Europe which ruled the world until 1941, despite barbarian and then Muslim invasions, is now utterly feeble. As Neagu Djuvara said, it is committing suicide (if it has not already done so). 

This short essay by Peter Franklin is interesting on this theme.

What all of these crises reveal is the essential powerlessness of the European Union. We’ve been told ad nauseam that the EU is the producer of peace in Europe. The truth, however, is that the EU is the product of it. 

Tuesday 9 November 2021

Marxism is still powerful in the USA and has been for about 6 decades, except in the 1950s

The 1960s social revolution stems not from Paris in 1968 but from the American Civil Rights movement which was organised originally by Communists, as Harry Truman pointed out. 

Communism has played a crucial role in American history in every decade since 1920, except the 1950s, and you ain't heard nothing yet!

Think of the Soviet spies. Think of the Weather Underground that anticipated today's Woke movement with its talk of white skin privilege. They went into bombing public buildings, but then realised that running kindergartens not terrorism was the way to win power.

But although political correctness was a Leninist phrase revived by George HW Bush as a weapon against the left (it made a noise but it turned out that it fired blanks) the new sort of liberalism, influenced by the ideas of heretical Frankfurt School of Marxism and academics who sought refuge in the USA from Hitler, is more  important than the old hard left, as it was back in the 1960s and 1970s

Monday 8 November 2021


Seen on Facebook:

Help me, I am trapped 
In a haiku factory
Save me, before they

My favourite haiku by the Emperor Hirohito:

We had intended
To visit the flower show at Kyoto
But unfortunately were prevented by ill health.

Saturday 6 November 2021

Indian summer in Bucharest


How did Chips Channon know two days in advance that Germany would invade Russia on 22 June 1941?

I learnt some interesting things last night from reading a review of the second volume of the (almost) unexpurgated diaries of Anglo-American diarist and Conservative MP Chips Channon.

Channon, who wasn't in the government (he was merely Rab Butler's P.P.S., i.e. bag carrier), told the people he dined with on 20 June 1941 that Germany would invade Russia two days later, which is what happened.

How did he know and Stalin not?

Friday 5 November 2021

Please to remember the 5th of November and English hatred of Catholicism

Thirty years ago in the summer of 1991 I went into the Jesuit Church in Farm St and talked to a priest on duty. He turned out to be a lovely elderly Jesuit called Father Francis Edwards and he told me as we parted that he had written a book arguing that the Gunpowder Plot was what conspiracy theorists these days call a false flag operation. The details are here.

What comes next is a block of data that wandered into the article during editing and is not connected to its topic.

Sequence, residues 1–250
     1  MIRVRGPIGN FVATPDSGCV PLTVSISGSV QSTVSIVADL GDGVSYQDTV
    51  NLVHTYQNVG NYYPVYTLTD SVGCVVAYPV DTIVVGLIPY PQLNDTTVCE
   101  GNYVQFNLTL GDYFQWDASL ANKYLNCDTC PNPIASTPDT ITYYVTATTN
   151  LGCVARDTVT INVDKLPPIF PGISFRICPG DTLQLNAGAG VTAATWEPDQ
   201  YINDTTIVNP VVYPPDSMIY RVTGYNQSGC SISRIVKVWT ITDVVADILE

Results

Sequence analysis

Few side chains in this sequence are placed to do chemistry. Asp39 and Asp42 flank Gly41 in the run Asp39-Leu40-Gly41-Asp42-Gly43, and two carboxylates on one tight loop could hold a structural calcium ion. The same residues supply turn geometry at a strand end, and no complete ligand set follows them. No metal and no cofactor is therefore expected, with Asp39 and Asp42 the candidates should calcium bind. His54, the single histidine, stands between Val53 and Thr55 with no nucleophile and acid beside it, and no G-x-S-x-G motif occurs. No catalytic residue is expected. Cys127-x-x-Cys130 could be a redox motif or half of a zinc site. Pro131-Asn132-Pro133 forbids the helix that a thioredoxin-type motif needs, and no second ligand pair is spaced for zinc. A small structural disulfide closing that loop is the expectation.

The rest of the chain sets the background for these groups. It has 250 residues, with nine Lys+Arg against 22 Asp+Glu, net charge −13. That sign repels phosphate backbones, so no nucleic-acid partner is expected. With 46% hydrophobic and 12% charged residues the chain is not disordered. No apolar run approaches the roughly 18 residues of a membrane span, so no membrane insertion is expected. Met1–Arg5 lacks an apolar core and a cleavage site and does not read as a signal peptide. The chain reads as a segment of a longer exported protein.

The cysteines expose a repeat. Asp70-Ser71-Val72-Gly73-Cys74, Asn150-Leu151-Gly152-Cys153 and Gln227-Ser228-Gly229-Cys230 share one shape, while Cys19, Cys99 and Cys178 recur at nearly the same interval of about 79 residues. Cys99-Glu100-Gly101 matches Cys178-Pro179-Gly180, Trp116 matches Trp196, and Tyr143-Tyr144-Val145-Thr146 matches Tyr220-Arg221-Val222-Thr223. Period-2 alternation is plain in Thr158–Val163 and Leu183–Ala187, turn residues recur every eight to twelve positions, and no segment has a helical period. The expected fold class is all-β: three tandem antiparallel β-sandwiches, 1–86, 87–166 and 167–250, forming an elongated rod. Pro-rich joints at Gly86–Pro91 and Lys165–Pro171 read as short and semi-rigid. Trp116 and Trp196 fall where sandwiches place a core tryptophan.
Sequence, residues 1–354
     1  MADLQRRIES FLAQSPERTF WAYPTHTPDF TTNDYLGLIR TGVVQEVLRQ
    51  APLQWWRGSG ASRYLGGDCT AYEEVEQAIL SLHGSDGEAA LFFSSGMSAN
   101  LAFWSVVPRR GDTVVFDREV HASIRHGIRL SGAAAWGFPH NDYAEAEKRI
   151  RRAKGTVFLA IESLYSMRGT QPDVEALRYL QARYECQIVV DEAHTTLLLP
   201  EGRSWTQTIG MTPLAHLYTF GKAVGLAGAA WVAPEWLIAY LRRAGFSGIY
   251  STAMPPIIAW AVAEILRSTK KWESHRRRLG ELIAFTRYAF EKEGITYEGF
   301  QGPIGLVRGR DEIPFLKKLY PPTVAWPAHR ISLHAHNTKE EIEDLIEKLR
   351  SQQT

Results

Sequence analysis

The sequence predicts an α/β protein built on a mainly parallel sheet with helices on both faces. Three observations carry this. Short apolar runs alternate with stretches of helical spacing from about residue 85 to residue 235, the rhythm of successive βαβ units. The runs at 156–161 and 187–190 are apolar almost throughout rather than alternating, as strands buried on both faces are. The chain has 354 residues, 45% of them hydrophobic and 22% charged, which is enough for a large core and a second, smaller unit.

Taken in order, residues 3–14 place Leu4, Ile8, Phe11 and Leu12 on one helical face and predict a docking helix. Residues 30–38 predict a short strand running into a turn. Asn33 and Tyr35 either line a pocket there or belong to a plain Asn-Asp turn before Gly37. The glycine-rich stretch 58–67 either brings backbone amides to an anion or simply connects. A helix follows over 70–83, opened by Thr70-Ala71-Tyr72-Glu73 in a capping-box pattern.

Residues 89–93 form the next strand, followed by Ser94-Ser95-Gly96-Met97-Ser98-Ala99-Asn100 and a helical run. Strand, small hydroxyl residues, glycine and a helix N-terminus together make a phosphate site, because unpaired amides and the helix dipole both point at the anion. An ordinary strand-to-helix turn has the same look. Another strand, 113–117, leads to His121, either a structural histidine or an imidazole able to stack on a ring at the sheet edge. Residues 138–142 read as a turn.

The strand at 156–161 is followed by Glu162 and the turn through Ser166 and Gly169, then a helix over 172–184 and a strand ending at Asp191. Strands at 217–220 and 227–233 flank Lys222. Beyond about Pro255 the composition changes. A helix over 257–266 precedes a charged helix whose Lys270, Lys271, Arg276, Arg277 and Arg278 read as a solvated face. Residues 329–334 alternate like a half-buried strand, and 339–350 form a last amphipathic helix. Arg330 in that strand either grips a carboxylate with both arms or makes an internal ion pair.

The burning of Cranmer and other Protestants - and Fox's Book of Martyrs detailing the deaths - strengthened Protestant feeling, even though far, far more Catholics who took part in the Pilgrimage of Grace had been killed by Henry VIII. 

Churchill said that the grass grows on the battlefield but never on the scaffold. 

Still, Shakespeare and the men of his generation were either Catholics or well disposed to the old religion. 

Somebody said that hatred of Catholicism is the only genuinely religious emotion that the English ever experience. The gunpowder plot was the moment when the English came to hate the Catholic Church.

Tuesday 2 November 2021

Wonderful, wonderful Copenhagen - Danny Kaye was right

In the 1980s Peking, as it was called, was full of cyclists and Copenhagen was full of cars. Now it's the other way around. 

Danes are friendly people but watch out for cyclists who have the right of way, though they are much nicer about almost running you down than the young battleaxes of Stockholm. 

The disused church of St Nicholas in Copenhagen, now an art gallery, with its large banner proclaiming 'IN ART WE TRUST' seems to sum up Denmark (and Europe) looking for a substitute for God. 

Art, science, eliminating poverty, Marxism have all been tried. Non-discrimination is the latest attempt. Another attempt at finding the meaning of life, as Douglas Murray says, is by taking nice holidays.

Although Douglas Murray did not mean this, holidays are more than materialistic and self-indulgent means to refresh oneself. They have their spiritual dimension. Solitary travel is one of the most pleasant forms of introspection. I think Laurence Durrell said that. Mircea Eliade said that one travels abroad to explore ones subconscious mind.

Can we trust the climate scientists? Certainly not with decisions

The BBC is more unbearable than usual, propagandising about climate change. When did the media stop trying to report the news and begin telling people what to think and how to behave? Was there a time when they just reported things?

A BBC insider said that the BBC internal briefing to editors on covering climate change was reminiscent of ‘a campaigning organisation'.

I am sceptical about climate change and shocked that the views of sceptics are deliberately suppressed by the BBC. It is the same with Covid and lots of other subjects. You can list them, gentle reader.